Compounding things is this ridiculous ethos that has taken hold – I guess we should blame the mythologists from the Bobby Jones era – that one is somewhat less of a human being if he/she doesn’t treat golf as some sort of Calvinist undertaking. Thinking of hiring someone? ‘Take ‘em out to the course to take their measure’ is a current line of thinking. As if wasting 10 minutes of everyone’s time while digging out of a buried lie in a pot bunker is some kind of virtue. What utter rubbish.

Have you ever heard anything as absurd as the following, particularly coming from a college football coach, who’s profession, by definition, requires a complete disregard of the rules? (I’ll let you guess the identity of the coaches below):

“He shot a 108. I had to count all the balls he hit into the pond on No. 10. He said, ‘Steve, I had an 11, didn’t I?’ I said, ‘Coach, I’m afraid it was a 13.’ We went back, recounted, and it was 13.”

My god, playing behind these two could have been a scene out of Huis Clos.

I have a friend, a serious golfer, one good enough to pass the playing ability test and to come close to qualifying for the Mid-Am. He plays regular games against another low handicapper, wherein they team up with a couple of less skilled players. It has never, and I’m not exaggerating here, crossed their minds that they should be playing anything other than stroke play. They count each score, add them together, with lower aggregate winning. (As if they’re playing in the world cup or something.)

Can you imagine what these matches are like? Five minute ball searches every other hole…  discussions like this on the third, “better mark that 2 footer Joe; I’ll give you a read from the other side. Might be decisive.”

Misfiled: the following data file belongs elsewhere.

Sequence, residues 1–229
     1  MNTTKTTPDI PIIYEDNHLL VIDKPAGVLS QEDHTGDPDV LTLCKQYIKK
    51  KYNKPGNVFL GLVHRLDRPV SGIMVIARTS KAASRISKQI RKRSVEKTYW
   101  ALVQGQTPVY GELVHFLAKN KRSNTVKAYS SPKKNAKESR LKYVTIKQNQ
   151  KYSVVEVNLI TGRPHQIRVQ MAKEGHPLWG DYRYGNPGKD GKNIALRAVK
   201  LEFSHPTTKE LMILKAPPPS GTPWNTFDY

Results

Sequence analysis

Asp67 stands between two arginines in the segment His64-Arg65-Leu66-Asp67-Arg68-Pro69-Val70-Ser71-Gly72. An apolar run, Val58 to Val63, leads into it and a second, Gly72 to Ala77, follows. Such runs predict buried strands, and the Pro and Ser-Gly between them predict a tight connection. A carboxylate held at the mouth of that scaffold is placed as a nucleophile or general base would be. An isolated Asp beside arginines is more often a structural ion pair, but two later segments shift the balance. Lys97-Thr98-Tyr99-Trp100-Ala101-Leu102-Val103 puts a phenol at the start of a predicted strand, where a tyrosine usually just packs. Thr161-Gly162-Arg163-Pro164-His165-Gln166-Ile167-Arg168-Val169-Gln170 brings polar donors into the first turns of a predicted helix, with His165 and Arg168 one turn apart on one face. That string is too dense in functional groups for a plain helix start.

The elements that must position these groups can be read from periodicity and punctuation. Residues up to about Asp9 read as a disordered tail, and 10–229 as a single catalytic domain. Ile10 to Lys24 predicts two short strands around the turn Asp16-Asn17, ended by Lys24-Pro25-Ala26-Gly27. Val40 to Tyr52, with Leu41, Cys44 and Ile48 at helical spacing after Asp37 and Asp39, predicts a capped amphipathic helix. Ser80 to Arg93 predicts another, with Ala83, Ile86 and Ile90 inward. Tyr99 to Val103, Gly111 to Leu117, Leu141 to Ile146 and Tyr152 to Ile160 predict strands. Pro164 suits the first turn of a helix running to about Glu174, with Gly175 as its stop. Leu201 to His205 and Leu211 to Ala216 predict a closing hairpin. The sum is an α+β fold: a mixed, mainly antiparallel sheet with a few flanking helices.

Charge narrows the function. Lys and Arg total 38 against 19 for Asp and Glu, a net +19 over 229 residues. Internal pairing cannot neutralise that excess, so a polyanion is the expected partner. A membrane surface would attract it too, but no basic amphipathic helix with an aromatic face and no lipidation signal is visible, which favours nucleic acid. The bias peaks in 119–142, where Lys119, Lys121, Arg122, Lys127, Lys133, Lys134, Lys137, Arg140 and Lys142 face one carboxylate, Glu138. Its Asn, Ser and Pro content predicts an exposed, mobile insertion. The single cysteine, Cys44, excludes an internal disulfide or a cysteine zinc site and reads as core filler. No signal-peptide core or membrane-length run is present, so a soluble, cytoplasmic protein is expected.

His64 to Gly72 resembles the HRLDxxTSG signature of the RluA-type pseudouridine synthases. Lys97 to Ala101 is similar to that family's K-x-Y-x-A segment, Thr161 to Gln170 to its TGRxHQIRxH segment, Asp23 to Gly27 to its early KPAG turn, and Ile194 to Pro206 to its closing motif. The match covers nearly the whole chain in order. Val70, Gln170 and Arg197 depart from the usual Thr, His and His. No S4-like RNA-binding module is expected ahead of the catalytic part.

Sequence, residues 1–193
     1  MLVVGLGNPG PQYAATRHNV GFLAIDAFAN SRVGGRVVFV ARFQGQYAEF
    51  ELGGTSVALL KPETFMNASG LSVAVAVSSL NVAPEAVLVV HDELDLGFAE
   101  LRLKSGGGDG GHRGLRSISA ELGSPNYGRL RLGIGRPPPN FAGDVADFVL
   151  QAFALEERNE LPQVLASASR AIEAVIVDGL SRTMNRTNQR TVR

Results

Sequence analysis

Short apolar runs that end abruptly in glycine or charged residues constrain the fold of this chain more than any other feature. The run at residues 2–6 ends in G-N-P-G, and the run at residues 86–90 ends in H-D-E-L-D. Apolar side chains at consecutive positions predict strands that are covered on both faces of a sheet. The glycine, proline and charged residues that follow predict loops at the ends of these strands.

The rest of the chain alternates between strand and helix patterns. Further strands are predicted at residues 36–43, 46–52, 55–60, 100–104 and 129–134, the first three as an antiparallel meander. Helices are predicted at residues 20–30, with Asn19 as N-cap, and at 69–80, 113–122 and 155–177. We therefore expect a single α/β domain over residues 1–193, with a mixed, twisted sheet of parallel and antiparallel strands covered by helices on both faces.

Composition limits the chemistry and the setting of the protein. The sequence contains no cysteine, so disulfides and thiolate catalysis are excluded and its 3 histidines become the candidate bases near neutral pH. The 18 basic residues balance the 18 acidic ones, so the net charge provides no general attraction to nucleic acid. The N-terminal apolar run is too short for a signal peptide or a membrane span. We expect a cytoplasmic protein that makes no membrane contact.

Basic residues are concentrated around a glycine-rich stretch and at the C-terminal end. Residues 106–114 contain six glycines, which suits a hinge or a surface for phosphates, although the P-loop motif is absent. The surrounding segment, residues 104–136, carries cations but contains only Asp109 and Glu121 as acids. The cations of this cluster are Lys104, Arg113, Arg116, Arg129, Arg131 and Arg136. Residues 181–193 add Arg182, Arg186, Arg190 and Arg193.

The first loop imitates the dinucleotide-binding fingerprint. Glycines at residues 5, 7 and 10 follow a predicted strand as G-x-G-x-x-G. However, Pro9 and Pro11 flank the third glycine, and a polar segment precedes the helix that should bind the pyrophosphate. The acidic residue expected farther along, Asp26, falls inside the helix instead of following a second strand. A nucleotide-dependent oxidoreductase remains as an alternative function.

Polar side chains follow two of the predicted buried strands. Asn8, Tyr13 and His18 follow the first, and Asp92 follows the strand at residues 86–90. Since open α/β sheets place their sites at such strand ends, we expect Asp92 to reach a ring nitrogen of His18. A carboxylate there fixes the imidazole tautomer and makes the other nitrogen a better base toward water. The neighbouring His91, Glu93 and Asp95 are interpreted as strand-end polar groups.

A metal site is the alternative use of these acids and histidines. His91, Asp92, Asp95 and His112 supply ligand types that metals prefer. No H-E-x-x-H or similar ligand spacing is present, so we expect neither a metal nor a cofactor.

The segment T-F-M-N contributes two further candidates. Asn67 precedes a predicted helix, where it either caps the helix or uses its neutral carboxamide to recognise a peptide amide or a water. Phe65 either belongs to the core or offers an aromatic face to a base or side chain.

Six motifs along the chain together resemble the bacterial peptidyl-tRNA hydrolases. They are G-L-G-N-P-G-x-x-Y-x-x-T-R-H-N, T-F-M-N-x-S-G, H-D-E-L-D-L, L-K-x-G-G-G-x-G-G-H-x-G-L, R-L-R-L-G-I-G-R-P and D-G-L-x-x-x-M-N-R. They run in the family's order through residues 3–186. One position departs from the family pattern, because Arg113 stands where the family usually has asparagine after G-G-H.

Somebody, somehow, needs to reintroduce match play to the amateur golfer, and fast (and I’m talking about the public golfer here; I really couldn’t care less how long it takes John Boehner to get around Burning Tree.)

Just think; if match play was the norm, Lou Holtz’s (well, just guess the other one) 13? After the second in the water, he’d have conceded and they’d have been on to the next hole. Joe’s two footer? Well, it would have been for a net seven, and with his partner already in for a par, he’d have picked up five minutes prior.

Now, I know the Scots would take it a step further and advocate alternate shot (one ball per pair). But that’s probably a step too far, with the typical public golfer paying close to $100 for a round on weekends these days. If we can just get the amateur to avoid thinking that they’re out there to compare their overall score to Phil Mickelson’s, we’d be a long way to fixing the pace of play problem.

Come to think of it, I might consider taking a prospective hire out on the golf course after all. If he or she were to kneel down to mark a tap-in in order to avoid stepping in the line of my six foot putt for double, I’d probably have picked up a pretty good clue that deadlines, and priorities, might be a problem…